“Because we’ve had a milder winter overall, we’re seeing an earlier pollen bloom” said Anjeni Keswani, the physician and director of the Allergy, Asthma & Sinus Center at George Washington University in DC. also.”
Keswani said she usually starts seeing pollen cases around March, but tree pollen levels were already rising in January and February. People started coming in around Valentine’s Day to treat their symptoms.
While the report said DC did well in terms of allergy risk last year, Keswani said she didn’t notice any fewer patient visits. She said any spring pollen season in DC is important, though DC doesn’t typically have a strong fall allergy season like other places.
She added that busy cities, with lots of traffic exhaust fumes mixing with the pollen, could mean even more bad news for people.
“If we inhale some sort of airborne particulate matter at the same time as the pollen, it can stimulate the immune system even more and cause more symptoms,” Keswani said.
It’s not particularly easy to predict pollen plumes, and thus allergy intensity, far away — the plumes often depend on weather and wind conditions, which can aggravate and spread pollen. Currently, Pollen Sense can predict three days into the future.
Right now, Keswani said, she’s only trying to prevent and treat pollen allergies in humans with vaccines and medications.
“Pollen and pollen allergies are here to stay. With climate change, they may even get worse,” she said.
How climate change is exacerbating allergy season
Allergy sufferers know how this goes: Spring is calling and the pollen is starting to fall. The flowers keep rolling and our noses got swollen.
But recently, people are experiencing a more intense allergy season — and climate change is the reason.
Climate change affects allergy season in multiple ways. Many trees and plants require a certain amount of sustained heat to initiate bud formation. The warmer winter temperatures allow them to gather the necessary amount of heat more quickly, causing them to flower earlier and for a longer period of time. The average temperature of winter, the fastest warming season, has risen more than 3 degrees Fahrenheit in the eastern United States since 1970.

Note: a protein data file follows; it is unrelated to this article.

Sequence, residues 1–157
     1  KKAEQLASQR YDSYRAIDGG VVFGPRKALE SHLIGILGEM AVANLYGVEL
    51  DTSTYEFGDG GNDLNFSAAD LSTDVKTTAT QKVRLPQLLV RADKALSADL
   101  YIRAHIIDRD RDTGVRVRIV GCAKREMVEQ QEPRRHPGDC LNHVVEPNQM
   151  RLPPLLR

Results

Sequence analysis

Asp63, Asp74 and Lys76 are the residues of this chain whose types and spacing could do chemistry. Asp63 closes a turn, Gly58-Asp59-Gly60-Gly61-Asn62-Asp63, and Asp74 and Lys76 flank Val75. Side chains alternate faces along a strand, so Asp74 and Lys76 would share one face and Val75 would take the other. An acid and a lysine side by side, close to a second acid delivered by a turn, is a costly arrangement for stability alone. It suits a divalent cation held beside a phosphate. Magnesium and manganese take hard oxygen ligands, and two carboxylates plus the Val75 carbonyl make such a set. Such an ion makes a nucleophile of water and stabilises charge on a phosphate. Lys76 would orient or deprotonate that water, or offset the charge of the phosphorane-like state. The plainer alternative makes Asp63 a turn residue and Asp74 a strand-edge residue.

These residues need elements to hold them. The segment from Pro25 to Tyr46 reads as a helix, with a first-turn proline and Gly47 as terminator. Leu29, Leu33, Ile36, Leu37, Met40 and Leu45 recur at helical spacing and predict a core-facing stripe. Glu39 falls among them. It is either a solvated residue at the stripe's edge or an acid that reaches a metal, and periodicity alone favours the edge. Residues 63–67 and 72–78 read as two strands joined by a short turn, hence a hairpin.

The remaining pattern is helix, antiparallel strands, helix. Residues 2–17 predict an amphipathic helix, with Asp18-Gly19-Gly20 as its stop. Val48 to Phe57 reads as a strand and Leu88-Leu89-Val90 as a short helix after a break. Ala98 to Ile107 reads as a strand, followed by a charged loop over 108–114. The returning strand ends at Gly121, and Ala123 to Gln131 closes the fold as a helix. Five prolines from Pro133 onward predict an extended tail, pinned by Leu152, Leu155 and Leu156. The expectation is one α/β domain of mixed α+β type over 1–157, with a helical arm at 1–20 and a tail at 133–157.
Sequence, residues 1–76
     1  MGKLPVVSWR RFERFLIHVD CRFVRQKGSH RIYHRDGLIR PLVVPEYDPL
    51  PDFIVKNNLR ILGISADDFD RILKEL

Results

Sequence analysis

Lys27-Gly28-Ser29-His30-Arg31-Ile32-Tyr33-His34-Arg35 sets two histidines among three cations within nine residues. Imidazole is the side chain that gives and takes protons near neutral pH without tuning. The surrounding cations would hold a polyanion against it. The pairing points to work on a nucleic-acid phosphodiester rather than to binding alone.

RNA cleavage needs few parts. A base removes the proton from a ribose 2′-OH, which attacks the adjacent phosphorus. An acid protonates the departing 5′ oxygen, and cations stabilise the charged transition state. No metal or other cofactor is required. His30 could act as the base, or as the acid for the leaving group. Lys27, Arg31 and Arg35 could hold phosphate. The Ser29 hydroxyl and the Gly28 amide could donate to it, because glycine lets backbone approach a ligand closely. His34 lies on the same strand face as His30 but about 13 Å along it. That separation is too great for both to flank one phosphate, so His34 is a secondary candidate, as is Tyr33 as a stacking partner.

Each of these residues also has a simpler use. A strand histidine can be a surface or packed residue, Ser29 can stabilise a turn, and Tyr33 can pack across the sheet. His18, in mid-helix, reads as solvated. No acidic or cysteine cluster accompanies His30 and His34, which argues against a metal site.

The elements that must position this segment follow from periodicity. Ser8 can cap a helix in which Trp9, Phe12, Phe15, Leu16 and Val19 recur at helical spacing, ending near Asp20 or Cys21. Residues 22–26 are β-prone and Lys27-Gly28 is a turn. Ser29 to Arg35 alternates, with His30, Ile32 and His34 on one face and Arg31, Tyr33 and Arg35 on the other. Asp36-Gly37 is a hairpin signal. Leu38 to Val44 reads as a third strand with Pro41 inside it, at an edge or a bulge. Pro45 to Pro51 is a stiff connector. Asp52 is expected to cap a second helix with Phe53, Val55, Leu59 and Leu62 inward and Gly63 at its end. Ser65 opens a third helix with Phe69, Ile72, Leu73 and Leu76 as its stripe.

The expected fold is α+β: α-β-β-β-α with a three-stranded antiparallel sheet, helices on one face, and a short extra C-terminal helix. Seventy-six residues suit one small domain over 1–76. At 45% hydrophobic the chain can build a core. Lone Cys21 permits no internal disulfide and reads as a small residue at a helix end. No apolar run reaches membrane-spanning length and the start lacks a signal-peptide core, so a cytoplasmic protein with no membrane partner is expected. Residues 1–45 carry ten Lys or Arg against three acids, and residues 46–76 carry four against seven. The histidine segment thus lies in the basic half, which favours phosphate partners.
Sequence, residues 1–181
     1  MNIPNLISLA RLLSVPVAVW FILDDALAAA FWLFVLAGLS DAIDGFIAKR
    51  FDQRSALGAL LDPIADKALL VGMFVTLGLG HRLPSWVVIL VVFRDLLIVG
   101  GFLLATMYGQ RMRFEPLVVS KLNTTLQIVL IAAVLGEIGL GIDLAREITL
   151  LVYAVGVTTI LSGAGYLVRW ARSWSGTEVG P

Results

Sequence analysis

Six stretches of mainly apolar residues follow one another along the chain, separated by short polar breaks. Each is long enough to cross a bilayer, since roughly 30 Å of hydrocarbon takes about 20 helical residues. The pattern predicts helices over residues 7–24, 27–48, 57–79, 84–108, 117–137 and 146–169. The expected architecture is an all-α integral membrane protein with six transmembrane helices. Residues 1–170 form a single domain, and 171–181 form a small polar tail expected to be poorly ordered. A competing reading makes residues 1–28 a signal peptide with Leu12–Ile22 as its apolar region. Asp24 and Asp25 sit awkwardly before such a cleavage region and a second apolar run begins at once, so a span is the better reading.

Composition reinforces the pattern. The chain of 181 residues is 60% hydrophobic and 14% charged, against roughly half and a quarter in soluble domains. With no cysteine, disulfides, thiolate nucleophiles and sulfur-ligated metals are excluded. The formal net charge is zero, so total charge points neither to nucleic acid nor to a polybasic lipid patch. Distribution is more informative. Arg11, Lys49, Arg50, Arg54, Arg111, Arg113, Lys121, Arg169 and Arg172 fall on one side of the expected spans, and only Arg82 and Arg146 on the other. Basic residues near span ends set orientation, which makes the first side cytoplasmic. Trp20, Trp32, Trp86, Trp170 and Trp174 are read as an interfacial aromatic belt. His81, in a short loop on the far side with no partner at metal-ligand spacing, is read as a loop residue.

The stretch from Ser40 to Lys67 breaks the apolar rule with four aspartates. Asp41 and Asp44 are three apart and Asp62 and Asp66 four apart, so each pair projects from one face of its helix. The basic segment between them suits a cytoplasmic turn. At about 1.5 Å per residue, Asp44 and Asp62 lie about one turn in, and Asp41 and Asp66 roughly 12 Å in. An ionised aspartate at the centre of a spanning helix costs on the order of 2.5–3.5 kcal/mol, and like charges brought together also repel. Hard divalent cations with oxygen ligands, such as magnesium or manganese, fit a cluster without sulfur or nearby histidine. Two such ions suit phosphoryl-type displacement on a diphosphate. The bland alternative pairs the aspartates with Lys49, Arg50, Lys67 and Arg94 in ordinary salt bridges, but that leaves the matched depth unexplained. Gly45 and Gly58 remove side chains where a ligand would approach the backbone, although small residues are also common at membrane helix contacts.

Increased levels of carbon dioxide can also help stimulate photosynthesis so that trees and plants produce more pollen.
Ecologists, doctors and atmospheric scientists have already documented changes. Across North America, the pollen season has been extended by 20 days since 1990. Pollen concentrations have also increased by 21 percent over the past three decades. Data showed the biggest changes in the Midwest and Texas.
Climate models show that the pollen season could worsen by the end of the century with high greenhouse gas emissions. The northern United States will experience more changes than the south due to greater temperature changes, but it also depends on the tree species in each area.
The Northeast could experience more pollen production as some trees’ blooms may go up. As a result, several tree species bloom at the same time. The Southeast is likely to experience the greatest increase in pollen production due to prolific pollen-producing oak and cypress species, which are dominant in the region.
“On a larger scale, we really support all efforts to combat climate change, because that leads to this increased concentration of pollen in the air in the long run,” Eftekhari said.